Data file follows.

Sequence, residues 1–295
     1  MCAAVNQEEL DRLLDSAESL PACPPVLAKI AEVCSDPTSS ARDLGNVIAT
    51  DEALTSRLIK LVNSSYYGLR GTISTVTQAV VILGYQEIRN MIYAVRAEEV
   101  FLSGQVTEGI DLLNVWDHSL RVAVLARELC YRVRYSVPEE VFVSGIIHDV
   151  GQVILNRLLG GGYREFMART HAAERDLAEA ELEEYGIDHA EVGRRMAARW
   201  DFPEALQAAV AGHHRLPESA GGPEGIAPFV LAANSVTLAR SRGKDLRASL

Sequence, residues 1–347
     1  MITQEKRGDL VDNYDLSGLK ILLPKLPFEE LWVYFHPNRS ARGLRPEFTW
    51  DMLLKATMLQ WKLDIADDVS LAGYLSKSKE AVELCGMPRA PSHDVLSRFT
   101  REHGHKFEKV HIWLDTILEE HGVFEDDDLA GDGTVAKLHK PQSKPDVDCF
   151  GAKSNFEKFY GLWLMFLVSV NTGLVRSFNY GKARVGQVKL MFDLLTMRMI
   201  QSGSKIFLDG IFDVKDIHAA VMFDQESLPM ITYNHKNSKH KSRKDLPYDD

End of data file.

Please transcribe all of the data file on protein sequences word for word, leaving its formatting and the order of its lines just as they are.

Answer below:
Sequence, residues 1–295
     1  MCAAVNQEEL DRLLDSAESL PACPPVLAKI AEVCSDPTSS ARDLGNVIAT
    51  DEALTSRLIK LVNSSYYGLR GTISTVTQAV VILGYQEIRN MIYAVRAEEV
   101  FLSGQVTEGI DLLNVWDHSL RVAVLARELC YRVRYSVPEE VFVSGIIHDV
   151  GQVILNRLLG GGYREFMART HAAERDLAEA ELEEYGIDHA EVGRRMAARW
   201  DFPEALQAAV AGHHRLPESA GGPEGIAPFV LAANSVTLAR SRGKDLRASL

Sequence, residues 1–347
     1  MITQEKRGDL VDNYDLSGLK ILLPKLPFEE LWVYFHPNRS ARGLRPEFTW
    51  DMLLKATMLQ WKLDIADDVS LAGYLSKSKE AVELCGMPRA PSHDVLSRFT
   101  REHGHKFEKV HIWLDTILEE HGVFEDDDLA GDGTVAKLHK PQSKPDVDCF
   151  GAKSNFEKFY GLWLMFLVSV NTGLVRSFNY GKARVGQVKL MFDLLTMRMI
   201  QSGSKIFLDG IFDVKDIHAA VMFDQESLPM ITYNHKNSKH KSRKDLPYDD